Balakrishna (Kamal) is a talented dancer who knows multiple forms of classical dance but he hails from an economically weak family who is doted upon by his mother and uncle (Sakshi Ranga Rao). There is an entertaining song number set in the wedding hall backstage where Kamal regales his family who are in the process of preparing the wedding meals (sappad). Madhavi (Jaya Prada) surreptitiously takes snaps to capture the special moments. He forgets his frustration with the film directors who have scant regard for the classical nature of the art form and are more interested in exploiting it for commercial purposes.
It is a classic Kamal style movie and he has written it to amply promote his views on competing ideologies of capitalism v/s communism, religious frenzy v/s atheism, and overarching theme of a humanist attitude towards people and life.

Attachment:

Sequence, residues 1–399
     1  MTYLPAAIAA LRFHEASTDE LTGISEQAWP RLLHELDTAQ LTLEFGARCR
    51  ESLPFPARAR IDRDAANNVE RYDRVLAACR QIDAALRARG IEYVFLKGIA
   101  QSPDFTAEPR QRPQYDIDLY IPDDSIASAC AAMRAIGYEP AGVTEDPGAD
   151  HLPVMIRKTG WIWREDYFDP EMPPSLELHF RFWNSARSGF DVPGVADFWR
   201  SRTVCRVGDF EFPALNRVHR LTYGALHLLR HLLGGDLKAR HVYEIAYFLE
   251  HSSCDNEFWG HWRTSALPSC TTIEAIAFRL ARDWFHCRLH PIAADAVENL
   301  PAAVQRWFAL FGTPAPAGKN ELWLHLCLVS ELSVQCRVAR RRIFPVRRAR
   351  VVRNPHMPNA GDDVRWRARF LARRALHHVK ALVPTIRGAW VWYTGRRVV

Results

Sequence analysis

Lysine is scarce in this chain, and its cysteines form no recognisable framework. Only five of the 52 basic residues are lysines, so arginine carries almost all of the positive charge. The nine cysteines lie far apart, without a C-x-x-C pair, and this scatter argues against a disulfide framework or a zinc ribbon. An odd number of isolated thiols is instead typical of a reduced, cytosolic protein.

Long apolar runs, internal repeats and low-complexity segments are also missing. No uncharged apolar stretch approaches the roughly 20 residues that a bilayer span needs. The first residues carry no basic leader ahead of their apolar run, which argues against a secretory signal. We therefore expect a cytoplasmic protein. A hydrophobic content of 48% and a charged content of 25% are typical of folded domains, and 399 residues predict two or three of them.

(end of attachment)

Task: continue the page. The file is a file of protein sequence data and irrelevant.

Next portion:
It was possibly ahead of its time and though peppered with the routine cinema tropes of comedy, song n dance, romance and even action the message hung rather heavy in the air. A mindless commercial caper that released simultaneously stole its thunder and the movie never quite made it. Kamal may have known its possible fate for he takes potshots in the film itself by suggesting to the heroine that they should watch an arty movie in the Theatre – there will be sparse audience and it will permit them a few hours of private space.